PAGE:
California Economic Engine Continues to Sputter

By LCR Contributor Barrell Rider

As we enter the second half of 2011, somber news continues to pour out over the economic state of California. The latest unemployment figures have California at 11.7% unemployment, trailing only Nevada. California has seen less than a one percent decrease in unemployment over the past year (.7%). This decrease is also among the worst of the 50 states.

By contrast, disinvestment in California grew, setting a first quarter record in 2011 as seventy businesses moved or expanded out of state. Among the notables to expand out of state are Ebay/Paypal and Intel.

Ebay/Paypal has plans to create over 1,000 jobs in the Austin area in the next decade and will create 50 this year alone, with an average salary of 107,000. Intel has committed to invest 5 billion in a new manufacturing facility in Chandler, Arizona, which is set to begin construction late this summer adding a boost in employment in the construction industry, it will also create permanent manufacturing jobs.

Some companies are moving their operations out of the state completely and taking jobs with them. Among these companies are Dunn-Edwards, J.C. Penny and the N.H.R.A. (National Hot Rod Association).

As California commits more money to green energy and enacts more regulation on the energy industry, costs continue to soar for consumers and businesses. Included in the casualties of this are a number of green energy companies that are moving or expanding out of state. Among them are AQT Solar, Bing Energy, BP Solar, Cali Solar, Nordic Wind Power and Solar Millennium.

Late last year, a list was compiled from a number of surveys and data listing the top ten reasons businesses leave California.

Here is the list:

10. Unfair taxes (Tax Foundation ranks California as 48th for tax fairness.)

9. Most expensive business locations (Rose Institute for State and Local Government has many California cities as the most expensive U.S. places in which to do business.)

8. Worst performing labor (Pacific Research Institute rates California’s labor performance over a five-year period) as lowest in the nation.)

7. Dreadful legal treatment (Civil Justice Association of California ranks California as 44th in legal fairness to business.)

6. Worst regulatory burden (Consultant Bain & Co., in a 2004 report for the California Business Roundtable, said California is far worse than any other state on its “regulatory hassle index,” based on cost, uncertainty and complexity of government regulations.)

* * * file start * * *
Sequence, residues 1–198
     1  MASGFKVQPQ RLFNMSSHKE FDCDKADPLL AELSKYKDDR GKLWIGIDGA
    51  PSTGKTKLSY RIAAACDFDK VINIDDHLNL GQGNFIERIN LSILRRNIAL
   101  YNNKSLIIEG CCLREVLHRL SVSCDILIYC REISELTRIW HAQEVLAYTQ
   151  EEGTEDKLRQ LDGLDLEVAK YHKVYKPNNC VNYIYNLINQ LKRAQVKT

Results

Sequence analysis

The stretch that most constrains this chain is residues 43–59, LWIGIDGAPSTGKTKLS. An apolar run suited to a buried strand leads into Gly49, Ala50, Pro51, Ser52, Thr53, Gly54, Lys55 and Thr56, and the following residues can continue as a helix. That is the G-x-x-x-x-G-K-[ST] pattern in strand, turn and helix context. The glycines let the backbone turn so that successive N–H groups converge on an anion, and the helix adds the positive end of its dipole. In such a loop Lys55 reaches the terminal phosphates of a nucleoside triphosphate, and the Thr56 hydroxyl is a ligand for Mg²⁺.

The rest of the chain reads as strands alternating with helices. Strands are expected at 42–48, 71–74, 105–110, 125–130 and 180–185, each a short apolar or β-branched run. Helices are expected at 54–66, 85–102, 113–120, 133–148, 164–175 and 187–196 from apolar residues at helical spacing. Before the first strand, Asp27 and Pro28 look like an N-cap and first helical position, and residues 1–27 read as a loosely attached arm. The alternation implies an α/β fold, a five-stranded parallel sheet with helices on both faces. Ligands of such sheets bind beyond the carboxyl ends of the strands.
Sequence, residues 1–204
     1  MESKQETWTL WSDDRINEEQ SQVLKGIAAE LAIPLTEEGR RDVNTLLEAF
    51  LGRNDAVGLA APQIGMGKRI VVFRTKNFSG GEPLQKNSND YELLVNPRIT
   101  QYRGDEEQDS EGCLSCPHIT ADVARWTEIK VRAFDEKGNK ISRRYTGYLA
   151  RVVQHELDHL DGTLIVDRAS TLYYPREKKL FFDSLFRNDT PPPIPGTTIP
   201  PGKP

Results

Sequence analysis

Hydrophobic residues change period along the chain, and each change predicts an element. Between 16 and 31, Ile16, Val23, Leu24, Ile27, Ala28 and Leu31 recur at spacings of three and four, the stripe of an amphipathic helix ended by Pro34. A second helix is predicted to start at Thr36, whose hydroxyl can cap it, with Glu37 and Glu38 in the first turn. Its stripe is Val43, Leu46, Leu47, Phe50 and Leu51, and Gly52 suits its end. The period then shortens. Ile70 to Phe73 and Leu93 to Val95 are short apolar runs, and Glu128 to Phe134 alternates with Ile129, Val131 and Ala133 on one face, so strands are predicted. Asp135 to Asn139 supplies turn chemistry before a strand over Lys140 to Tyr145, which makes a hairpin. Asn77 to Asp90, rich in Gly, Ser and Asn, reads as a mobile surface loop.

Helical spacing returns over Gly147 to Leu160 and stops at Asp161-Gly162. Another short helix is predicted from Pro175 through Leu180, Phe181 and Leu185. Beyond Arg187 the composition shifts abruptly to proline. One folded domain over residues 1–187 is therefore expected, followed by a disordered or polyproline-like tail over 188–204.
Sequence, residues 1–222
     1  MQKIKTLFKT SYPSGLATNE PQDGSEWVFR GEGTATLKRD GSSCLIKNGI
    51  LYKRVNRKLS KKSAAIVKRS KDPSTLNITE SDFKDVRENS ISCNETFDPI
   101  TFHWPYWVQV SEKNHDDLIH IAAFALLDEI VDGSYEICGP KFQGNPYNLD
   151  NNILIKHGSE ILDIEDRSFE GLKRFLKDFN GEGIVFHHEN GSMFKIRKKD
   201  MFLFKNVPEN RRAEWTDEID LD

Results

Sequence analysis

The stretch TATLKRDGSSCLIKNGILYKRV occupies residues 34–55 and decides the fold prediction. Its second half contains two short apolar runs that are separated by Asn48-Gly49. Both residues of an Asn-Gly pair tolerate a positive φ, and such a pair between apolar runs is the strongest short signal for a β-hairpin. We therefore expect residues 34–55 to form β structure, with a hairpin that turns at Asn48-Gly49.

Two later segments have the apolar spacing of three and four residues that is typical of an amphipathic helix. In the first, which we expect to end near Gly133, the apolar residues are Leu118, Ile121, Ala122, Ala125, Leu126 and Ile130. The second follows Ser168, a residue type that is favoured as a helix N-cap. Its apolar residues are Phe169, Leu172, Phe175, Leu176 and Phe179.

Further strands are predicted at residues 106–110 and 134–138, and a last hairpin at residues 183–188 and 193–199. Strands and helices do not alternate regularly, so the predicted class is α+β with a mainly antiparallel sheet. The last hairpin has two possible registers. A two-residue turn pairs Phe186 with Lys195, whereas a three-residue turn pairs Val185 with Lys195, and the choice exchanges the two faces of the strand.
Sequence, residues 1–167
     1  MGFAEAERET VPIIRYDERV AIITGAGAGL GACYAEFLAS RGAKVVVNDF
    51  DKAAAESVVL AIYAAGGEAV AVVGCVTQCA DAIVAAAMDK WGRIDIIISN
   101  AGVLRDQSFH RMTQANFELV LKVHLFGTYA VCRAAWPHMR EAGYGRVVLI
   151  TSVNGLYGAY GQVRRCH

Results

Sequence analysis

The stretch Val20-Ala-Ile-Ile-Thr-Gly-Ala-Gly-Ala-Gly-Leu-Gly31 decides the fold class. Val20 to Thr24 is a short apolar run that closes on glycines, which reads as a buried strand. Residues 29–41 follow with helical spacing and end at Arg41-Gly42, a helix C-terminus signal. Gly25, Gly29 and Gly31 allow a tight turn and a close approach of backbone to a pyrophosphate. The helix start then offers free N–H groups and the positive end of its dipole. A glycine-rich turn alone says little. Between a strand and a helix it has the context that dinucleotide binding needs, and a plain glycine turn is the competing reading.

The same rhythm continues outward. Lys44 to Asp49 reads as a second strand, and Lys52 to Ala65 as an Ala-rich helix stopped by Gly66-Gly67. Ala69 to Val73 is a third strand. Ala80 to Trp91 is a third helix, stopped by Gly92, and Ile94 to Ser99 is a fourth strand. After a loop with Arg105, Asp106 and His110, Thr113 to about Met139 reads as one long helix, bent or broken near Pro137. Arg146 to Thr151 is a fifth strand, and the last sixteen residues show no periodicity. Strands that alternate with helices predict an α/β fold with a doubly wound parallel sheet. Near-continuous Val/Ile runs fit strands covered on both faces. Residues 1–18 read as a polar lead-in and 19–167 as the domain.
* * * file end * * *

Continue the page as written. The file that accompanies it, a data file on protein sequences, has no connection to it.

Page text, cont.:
5. Harsh treatment motivates exits (Bain & Co. also said more than half of California’s business leaders said their companies had a policy to restrict job growth in this state.)

4. Unfriendliness (The Small Business and Entrepreneurship Council ranks California 48th — Vranich says 49th based on the council’s 2009 report — in business friendliness.)

3. High misery index (Associated Press publishes a monthly economic stress index that ranked California 3rd highest in December.)

2. Uncontrollable spending (Several pollsters say people are angrier about California government than at any other time in the polls’ history.)

1. Worst state to do business (Chief Executive magazine surveyed company executives to conclude that California is the worst place in which to do business.)

In recent months, Lt. Governor Gavin Newsome accompanied a group of California legislators deep in the heart of Texas to investigate how Texas had created nearly 200,000 jobs while California had shed over 1 million. Much of the feedback and evidence supported the above-referenced top ten list. Let’s hope the Lt. governor takes action to improve the state economic and jobs outlook and doesn’t rely on his ol’ “its gonna happen whether you like it or not” mantra.

It’s clear that California’s over taxation, over regulation and high energy costs are among the leading factors contributing to lack of job growth and loss of jobs. These same factors are stifling consumer spending and quality of life as well. After reviewing such data, along the state’s legislative and spending history, its clear that keeping taxes high is a losing proposition, so too is the state’s overspending and subsidies in the areas such as transportation, energy, social and welfare programs.

Let’s hope Jerry Brown changes his tune and begins to work for the people and the future of California.

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